How do I become an artist?
The traditional view was that the artist was a genius, a man, who worked in a freezing garret and was devoted only to his art. He was separate from ‘normal’ society, but didn’t care – in fact, he celebrated his superiority to it. Perhaps it is time to revise that view, although some components may still be relevant.
When I was growing up, I was lucky to have parents who encouraged a questioning attitude. For example, advertisements were not to be believed at face value. Apparently, after viewing a given advert, I might say, ‘We’re not going to buy that, are we, Mummy?’ Artists need to constantly question, whether it is the political situation or the ‘proper’ way to make art, they have to think beyond the status quo, not to accept received wisdom. Art is about what might be rather than what is.
At primary school, at the age of six, we were taught the correct way to draw a cat and a rabbit. A small circle sat on top of a larger one, with the cat having a long tail and the rabbit a puff. Who thought this up? How would this help a child to develop its creativity? This was the opposite of what should have happened, but thankfully it didn’t make enough of an impact on me to stifle my desire to learn in a different way.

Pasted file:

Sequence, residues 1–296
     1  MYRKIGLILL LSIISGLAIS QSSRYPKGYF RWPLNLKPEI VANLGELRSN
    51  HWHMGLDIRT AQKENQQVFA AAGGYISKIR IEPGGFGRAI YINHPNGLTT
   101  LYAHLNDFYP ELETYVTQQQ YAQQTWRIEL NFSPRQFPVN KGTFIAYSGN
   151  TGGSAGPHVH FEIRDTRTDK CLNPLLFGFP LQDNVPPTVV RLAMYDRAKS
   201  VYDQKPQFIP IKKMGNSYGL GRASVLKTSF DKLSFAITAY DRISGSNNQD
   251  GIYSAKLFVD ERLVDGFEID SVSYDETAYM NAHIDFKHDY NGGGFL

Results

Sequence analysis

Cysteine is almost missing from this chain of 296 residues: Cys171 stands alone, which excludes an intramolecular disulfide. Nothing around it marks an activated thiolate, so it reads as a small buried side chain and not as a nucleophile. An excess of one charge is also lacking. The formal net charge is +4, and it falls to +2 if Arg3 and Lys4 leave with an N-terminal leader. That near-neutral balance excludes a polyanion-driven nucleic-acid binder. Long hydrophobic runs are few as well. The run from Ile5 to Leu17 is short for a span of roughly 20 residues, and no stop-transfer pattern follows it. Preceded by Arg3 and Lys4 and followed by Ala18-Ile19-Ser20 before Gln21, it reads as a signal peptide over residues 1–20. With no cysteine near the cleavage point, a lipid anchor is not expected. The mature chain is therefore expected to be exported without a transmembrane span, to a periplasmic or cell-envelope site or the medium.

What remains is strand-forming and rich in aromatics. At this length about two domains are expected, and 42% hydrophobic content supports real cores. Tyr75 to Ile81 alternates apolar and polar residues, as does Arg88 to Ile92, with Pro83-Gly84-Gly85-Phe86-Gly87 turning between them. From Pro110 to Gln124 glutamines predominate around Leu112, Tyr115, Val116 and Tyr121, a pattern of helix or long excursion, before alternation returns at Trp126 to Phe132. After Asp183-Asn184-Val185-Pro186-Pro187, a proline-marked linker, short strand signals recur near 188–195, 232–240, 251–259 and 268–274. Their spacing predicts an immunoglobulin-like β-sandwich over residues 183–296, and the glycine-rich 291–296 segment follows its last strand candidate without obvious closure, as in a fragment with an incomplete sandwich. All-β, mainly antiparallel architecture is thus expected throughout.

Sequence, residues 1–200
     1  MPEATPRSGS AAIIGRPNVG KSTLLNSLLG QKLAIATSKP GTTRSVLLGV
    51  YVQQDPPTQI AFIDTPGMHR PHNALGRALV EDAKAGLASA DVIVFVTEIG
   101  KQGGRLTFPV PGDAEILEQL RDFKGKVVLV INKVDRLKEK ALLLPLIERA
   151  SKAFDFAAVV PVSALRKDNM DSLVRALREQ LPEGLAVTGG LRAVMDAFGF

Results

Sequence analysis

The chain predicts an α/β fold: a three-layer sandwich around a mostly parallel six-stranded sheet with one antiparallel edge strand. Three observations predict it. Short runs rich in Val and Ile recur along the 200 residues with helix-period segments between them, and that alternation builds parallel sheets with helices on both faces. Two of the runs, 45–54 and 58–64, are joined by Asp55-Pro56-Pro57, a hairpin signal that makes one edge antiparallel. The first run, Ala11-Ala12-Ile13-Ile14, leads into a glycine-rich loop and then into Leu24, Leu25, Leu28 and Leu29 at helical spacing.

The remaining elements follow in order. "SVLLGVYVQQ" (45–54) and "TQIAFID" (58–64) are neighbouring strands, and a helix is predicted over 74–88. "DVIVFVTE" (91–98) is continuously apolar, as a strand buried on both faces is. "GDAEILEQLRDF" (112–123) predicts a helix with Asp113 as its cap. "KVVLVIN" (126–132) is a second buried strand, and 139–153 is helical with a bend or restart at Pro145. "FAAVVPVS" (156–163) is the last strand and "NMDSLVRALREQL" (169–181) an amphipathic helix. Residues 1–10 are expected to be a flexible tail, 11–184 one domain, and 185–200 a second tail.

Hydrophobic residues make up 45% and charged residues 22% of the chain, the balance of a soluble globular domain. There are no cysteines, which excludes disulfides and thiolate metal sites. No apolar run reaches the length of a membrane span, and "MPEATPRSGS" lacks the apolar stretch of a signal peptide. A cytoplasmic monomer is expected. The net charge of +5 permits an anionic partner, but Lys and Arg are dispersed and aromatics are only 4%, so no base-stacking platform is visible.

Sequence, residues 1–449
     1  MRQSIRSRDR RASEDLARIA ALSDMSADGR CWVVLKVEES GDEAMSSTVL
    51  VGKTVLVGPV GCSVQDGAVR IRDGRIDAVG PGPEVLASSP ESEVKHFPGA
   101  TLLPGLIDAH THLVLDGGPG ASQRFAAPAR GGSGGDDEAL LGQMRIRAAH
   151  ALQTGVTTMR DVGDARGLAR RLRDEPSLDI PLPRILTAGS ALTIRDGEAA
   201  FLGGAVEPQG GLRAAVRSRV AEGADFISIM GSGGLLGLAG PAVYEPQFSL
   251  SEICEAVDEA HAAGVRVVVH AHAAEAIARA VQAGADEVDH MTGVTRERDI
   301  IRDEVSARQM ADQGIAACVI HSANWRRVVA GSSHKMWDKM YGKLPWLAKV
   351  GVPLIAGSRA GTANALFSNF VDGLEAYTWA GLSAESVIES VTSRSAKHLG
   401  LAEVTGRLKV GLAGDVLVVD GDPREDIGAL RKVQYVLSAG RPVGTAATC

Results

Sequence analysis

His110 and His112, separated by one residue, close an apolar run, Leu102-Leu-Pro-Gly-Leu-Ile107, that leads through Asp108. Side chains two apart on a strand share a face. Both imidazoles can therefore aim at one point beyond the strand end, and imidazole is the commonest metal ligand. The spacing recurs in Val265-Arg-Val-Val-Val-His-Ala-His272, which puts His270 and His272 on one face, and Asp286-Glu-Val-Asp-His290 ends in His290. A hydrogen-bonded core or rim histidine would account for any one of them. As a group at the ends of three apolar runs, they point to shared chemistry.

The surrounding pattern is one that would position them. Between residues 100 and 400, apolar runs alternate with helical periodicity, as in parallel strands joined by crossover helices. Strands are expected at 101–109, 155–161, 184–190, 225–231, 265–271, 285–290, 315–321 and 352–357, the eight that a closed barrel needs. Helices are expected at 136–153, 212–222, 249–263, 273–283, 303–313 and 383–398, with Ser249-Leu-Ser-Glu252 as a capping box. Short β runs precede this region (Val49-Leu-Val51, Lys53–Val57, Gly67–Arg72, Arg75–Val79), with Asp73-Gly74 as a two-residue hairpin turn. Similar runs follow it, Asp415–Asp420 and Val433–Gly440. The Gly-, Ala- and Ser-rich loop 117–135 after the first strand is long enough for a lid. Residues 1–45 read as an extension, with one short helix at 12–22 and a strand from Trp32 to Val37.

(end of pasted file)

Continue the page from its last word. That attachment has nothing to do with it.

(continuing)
Art college usually has a huge impact. The most important, I believe, is that it breaks down fixed ideas about what art is. An example is making students use long sticks with charcoal attached to the ends to draw. The student finds that it is impossible to make a tight, exact copy of what they are trying to draw. Once that result is achieved, the student can start to build themselves up again, learning what it is they want to create and how to do it.
The mentoring of a good teacher and the time to explore are paramount. It is also important to learn to critique your own work, not to think every work you create is good because you completed it. Some technical things must come into this process as well, eg how composition should be balanced but not static.
Then you have to persevere. The usual figure given is 10,000 hours before you are a master of your craft. That’s five years of forty-hour weeks. This is the ‘perspiration not inspiration’ argument. So an artist must be dedicated, but not necessarily a man or even a genius, and even a garret is probably not essential.